• Intemperance and its remedy. London, National Temperance Publication Depot [1877]
  • Mortality from Intemperance. London, National Temperance Publication Depot [1879]
  • Female intemperance. London, National Temperance Publication Depot [1880]
  • The heredity of alcohol : Read at the International Congress for the study of alcoholism, held at Brussels, August 1880. London : National Temperance Publication Depot [1880]
  • Stimulants in Workhouses. London, National Temperance Publication Depot [1882]
  • Cholera : its prevention and cure, with special reference to alcohol. London, National Temperance Publication Depot [1884]
  • Inaugural address. Society for the Study and Cure of Inebriety. London, H. K. Lewis [1884]
  • Wines : scriptural and ecclesiastical. London, National Temperance Publication Depot [edition 1 1882, edition 2 1887][73][74]
  • The Truth about Alcohol. London, H. K. Lewis [1885]
  • Hydrophobia And Its Prevention. The British Medical Journal, vol. 2, no. 1344, 1886, pp. 628–629 [1886].
  • Inebriety; its Etiology, Pathology, Treatment and Jurisprudence. London, H. K. Lewis [1888, 1889]
  • Does inebriety conduce to longevity? London, H. K. Lewis [1889]
  • How to deal with inebriates, in: Report of the III. International Congresses against the Abuse of Spiritual Beverages in Christiania 3–5. Sept. 1890. (Bericht des III. Internationalen Congresses gegen den Missbrauch Geistiger Getränke in Christiania 3–5. Sept. 1890. Hrsg. vom Organisationscomite. Published: Christiania, Mallinske Boktrykkeri, 1891.)
  • Inebriety and Criminal Responsibility. [1891]
  • Inebriety or Narcomania : Its Etiology, Pathology, Treatment, and Jurisprudence. London, H. K. Lewis [1894]
  • Alcoholism and Drug Habits. in Twentieth Century Practice; An International Encyclopedia of Modern Medical Science. Vol III. New York, William Wood & Co [1895]
Norman Shanks Kerr. Paddington old cemetery (1C 8873)
Memorial mosaic to Norman Shanks Kerr

Personal life[edit]

By 1871 he was living at Markyate Street, Bedfordshire (now Hertfordshire), and married Eleanor Georgina Gibson (born 1850, Ballinderry, Ireland) at St Peter's, South Kensington;[75] they had a son and four daughters.[76] From 1874 he lived in Grove Road, (now Lisson Grove) St.John's Wood, London and was employed as the Medical Officer of Health for Marylebone.[2] After the death of his wife in 1892 he was married for a second time in 1894 at Booterstown to Edith Jane Henderson (1851 - 1922), who was vice president of the Women's Total Abstinence Union from 1898 until 1917.[77] From 1896 he lived at Hamilton Terrace, London NW8.[78] He did not retire from his post until the January before his death[79] and "had been ailing for a year past, suffering from Bright's disease and from frequent attacks of bronchitis".[80] Dr Crothers reported that he had developed diabetes.[81]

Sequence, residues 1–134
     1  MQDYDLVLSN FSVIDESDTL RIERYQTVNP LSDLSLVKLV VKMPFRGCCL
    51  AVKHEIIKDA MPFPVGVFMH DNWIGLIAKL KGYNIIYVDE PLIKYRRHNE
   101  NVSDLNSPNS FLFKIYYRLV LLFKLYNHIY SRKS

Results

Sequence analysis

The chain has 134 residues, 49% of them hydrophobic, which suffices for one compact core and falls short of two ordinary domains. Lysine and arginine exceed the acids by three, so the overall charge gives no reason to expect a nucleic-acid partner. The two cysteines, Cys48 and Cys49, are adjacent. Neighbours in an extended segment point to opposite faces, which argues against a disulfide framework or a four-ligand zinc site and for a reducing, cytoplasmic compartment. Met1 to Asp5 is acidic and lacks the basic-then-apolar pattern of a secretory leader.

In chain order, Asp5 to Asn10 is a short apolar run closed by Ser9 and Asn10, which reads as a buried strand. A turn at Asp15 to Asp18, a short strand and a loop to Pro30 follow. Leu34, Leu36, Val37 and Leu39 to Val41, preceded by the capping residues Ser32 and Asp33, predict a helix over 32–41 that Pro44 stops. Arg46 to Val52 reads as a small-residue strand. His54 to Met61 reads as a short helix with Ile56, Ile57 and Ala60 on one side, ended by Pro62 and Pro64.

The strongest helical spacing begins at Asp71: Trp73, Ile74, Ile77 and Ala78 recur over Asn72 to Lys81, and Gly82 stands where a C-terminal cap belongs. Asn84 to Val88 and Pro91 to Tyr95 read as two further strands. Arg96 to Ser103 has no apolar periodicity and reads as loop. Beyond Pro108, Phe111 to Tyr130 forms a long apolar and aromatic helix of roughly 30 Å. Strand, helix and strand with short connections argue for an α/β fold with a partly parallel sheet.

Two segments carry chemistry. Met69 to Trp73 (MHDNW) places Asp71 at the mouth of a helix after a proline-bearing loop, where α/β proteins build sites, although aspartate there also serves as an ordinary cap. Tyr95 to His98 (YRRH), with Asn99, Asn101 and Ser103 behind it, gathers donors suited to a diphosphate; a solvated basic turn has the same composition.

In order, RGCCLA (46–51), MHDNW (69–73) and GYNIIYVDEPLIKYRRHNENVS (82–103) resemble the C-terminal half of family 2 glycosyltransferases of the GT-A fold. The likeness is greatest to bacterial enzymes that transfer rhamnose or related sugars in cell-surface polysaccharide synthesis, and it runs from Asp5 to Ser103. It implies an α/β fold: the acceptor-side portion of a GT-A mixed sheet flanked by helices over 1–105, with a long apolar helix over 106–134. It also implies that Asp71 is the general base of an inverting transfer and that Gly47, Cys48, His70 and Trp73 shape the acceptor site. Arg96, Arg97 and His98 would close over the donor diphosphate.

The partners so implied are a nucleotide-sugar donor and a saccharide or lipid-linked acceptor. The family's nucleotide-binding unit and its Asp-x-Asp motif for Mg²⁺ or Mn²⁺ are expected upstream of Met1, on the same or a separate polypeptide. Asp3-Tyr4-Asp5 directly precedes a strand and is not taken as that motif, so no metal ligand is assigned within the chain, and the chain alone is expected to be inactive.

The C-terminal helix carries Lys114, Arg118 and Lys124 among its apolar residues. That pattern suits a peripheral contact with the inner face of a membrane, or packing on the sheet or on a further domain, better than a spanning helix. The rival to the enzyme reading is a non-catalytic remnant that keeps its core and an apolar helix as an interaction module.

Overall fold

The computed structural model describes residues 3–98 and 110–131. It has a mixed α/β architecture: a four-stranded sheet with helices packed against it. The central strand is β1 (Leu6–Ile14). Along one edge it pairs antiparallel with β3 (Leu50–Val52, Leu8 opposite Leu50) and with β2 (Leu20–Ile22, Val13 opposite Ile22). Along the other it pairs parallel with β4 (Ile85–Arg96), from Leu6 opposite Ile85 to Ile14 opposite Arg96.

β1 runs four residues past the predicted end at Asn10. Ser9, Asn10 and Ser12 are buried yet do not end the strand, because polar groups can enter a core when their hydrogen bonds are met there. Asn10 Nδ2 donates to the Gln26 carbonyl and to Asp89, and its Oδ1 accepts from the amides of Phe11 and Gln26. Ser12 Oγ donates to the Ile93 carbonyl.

He died of influenza at Wellington Square, Hastings, England on 30 May 1899 and is buried in the Paddington old cemetery.[citation needed]

The funeral at St Marks Church was taken by Canon Duckworth on Saturday 3 June and attended by his family, including his brother Alexander Kerr and nephews George Murray and Dr Andrew Murray.[82]

His son, Arthur (1872-1933), was ordained an Anglican Priest[83] while his daughters were teachers and never married. His second wife, Edith, died in 1922;[84] she is buried at Bognor Regis Old Cemetery.

Death of Dr Norman Kerr
Our readers will regret to hear of the death of Dr Norman Kerr, who passed peacefully away on Tuesday night at Hastings, whither he had gone in the hope of restoring his fast failing health and strength. Dr Kerr was associated, during the greater part of his career, with this parish, and for many years held the position of district medical officer to the Marylebone Board of guardians. It was only a few months ago that he resigned the duties of that office, and our poor law administrators marked their appreciation of his services by voting him a handsome pension. Dr Kerr's practice led him among all classes of society – chiefly among the poor of Lisson-grove. He therefore possessed exceptional facilities for the study of that disease in which he was a recognised specialist. No medical man has devoted more time and labour to the study of alcoholism than Dr Kerr. He was chairman of the Society for the Study of Inebriety, and in that capacity gave valuable evidence before many Parliamentary Committees. His pen was never at rest, and he was a continual contributor to the various medical journals and to the temperance organs and general magazines. It is said that he published more than twenty books relating to the subject of inebriety. He was a temperance advocate from the scientific standpoint, and left the economic and social aspects of the drink question to others to deal with. He was a close student of sociology and interested himself in many movements outside the temperance agitation. He held strong views on sanitation and joined the crusade against "kissing the book"; preferring, for hygienic reasons, the Scotch method of taking the oath. Dr Kerr formerly resided in Grove road, and when his house was acquired by the Great Central Railway Company removed to Hamilton terrace. His genial presence will be greatly missed in Marylebone, and his death will be mourned by rich and poor alike.[85]



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External links[edit]